How to Use Shallots
Answered by: Conrad Richter
Question from: Joann
Posted on: March 15, 2002

How do you know when to use shallots? I watch tv food network, but by the time I go to the store to buy the shallots, I forget what the recipes were or where to use them. I’ll put this in print to remember.

The shallot is one of several herbs that belong to the Alliums, otherwise known as the onions. Besides shallot, other herbal onions are the indepensible garlic and chives, as well as welsh onion, egyptian onion, leeks, and the many varieties of plain onion, Allium cepa. A wonderful homage to the many kinds of onions is "The Onion Book" by Carolyn Dille and Susan Belsinger (Interweave, 1996). It has recipes and how-to information for growing and using shallots.

In French cuisine, the shallot reigns supreme in sauces, either cooked, softened in a pan (but not browned), or raw. For example, mignonette sauce for oysters is made with white wine, white wine vinegar, diced shallots and cracked black pepper. Or shallots can be poached in red wine to go with roast or grilled beef, or diced raw in vinaigrettes.

Shallots are also important in the rich cuisines of Southeast Asia. As Dille and Belsinger write in their book, they are "wonderful with cooked vegetables, omelets, baked, grilled, or broiled fish, and chicken braises and curries." Thai and Cambodian salads feature raw shallots, and shallots are frequently served fried to a rich golden brown as a garnish.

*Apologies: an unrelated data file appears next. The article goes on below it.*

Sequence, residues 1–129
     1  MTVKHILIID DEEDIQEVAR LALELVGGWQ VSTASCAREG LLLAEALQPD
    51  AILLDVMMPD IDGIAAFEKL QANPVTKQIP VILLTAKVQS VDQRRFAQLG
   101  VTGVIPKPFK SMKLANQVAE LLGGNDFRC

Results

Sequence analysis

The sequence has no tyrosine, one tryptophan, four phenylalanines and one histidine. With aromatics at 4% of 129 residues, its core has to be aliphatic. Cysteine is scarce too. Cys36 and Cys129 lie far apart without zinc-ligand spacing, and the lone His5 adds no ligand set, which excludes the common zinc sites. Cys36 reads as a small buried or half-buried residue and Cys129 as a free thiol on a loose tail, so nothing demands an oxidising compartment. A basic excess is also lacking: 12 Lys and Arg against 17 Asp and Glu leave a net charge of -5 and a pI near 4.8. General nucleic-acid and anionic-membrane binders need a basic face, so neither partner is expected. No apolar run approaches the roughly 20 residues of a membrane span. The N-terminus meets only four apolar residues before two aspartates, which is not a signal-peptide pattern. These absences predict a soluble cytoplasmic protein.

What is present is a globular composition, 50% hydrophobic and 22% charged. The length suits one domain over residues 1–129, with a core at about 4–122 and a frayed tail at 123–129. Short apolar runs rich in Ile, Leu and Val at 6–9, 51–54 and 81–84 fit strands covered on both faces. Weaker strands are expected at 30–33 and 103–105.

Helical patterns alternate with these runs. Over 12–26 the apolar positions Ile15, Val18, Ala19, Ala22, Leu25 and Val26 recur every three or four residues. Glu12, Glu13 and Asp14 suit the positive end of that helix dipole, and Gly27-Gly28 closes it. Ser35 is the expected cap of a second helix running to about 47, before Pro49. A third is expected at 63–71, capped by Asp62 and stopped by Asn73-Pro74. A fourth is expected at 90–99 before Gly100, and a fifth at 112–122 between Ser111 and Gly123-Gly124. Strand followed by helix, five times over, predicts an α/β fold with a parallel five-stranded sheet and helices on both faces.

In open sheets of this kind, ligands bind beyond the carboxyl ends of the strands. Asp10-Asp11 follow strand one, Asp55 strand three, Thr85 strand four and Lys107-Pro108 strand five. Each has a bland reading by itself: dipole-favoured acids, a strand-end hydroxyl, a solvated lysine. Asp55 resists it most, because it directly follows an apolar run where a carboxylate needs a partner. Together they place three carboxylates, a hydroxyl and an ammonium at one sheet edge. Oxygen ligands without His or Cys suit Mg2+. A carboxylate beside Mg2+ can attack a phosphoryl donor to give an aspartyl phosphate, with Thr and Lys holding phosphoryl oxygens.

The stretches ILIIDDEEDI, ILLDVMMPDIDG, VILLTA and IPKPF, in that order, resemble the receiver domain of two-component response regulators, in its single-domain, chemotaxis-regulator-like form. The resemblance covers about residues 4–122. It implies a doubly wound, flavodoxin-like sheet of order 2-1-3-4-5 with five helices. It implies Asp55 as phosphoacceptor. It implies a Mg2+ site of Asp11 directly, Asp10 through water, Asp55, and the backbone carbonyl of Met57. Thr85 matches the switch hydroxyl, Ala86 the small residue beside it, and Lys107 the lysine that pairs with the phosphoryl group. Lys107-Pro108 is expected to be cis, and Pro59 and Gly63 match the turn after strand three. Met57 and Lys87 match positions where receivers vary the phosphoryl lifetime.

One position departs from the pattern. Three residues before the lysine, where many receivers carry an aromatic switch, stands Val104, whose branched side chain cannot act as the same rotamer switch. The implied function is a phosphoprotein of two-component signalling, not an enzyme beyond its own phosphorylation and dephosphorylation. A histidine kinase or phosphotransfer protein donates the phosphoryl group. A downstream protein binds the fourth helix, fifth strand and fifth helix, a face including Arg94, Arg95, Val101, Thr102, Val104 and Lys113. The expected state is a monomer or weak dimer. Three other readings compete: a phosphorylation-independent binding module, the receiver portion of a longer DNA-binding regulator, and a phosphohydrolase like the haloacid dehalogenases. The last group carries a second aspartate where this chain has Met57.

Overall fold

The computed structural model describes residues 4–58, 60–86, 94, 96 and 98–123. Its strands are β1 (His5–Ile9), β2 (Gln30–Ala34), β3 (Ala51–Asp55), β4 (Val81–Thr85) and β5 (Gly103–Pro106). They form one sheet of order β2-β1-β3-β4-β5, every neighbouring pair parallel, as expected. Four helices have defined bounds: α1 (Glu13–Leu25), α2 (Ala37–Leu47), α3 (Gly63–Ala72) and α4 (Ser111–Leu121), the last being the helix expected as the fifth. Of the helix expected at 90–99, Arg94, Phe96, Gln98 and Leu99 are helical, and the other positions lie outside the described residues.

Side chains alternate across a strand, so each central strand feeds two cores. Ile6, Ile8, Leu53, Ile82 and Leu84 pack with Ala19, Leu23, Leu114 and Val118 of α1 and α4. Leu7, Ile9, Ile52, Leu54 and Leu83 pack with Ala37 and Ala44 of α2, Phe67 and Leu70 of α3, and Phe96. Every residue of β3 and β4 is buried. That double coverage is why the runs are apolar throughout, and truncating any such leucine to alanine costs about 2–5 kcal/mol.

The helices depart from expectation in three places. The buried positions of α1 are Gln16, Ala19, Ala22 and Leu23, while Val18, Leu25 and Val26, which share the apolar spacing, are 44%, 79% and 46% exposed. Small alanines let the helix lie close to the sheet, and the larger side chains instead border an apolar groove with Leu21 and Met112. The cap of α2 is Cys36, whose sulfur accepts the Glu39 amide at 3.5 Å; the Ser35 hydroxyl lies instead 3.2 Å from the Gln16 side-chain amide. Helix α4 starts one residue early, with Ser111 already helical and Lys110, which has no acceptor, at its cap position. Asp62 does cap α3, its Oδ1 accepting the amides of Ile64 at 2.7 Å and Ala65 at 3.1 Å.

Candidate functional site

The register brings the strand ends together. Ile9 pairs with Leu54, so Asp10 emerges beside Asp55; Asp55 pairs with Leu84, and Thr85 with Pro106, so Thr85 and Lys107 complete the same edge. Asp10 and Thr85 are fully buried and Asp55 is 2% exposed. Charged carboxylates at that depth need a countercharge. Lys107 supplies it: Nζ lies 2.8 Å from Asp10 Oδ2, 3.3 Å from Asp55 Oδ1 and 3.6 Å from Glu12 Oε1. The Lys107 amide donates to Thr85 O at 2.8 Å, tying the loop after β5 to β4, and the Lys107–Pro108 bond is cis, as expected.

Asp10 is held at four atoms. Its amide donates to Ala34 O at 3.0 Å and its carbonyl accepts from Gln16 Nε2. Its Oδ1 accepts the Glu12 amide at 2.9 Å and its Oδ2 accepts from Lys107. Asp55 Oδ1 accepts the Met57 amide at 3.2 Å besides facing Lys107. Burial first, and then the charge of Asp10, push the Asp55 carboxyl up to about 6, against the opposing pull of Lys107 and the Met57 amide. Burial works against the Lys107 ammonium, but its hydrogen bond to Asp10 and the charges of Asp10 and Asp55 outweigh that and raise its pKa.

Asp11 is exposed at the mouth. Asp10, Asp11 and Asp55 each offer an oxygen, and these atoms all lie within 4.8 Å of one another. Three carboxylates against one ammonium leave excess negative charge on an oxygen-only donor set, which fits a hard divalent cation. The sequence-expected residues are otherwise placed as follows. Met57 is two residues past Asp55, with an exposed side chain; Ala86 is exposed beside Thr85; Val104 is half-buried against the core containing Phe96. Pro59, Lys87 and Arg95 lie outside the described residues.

Dille and Belsinger include a recipe for Oven-Roasted Shallots which they say add "wonderful flavour to soups, stews, sauces, and vinaigrettes, and they are delicious served as an accompaniment to rustic meals. They taste good with practically everything simple: plain vegetables, roasts, grills." And they are so easy to make!

Ingredient:

12 medium to large red or yellow shallots, 12 ounces or 1 pound (340 to 450 g)

Directions:

"Preheat the oven to 350 F (180 C). Place the shallots on a lightly oiled baking sheet. Roast them for 25 to 30 minutes, until soft, turning them halfway through the baking time.

"When the shallots are cool enough to handle, cut off the root ends. You can serve the whole shallots as a garnish to an informal dinner plate. To chop or mince the shallots, first squeeze them from their skins; usually you will lose the outer layer of flesh along with the skin. Chop or mince the shallots and use them as desired."

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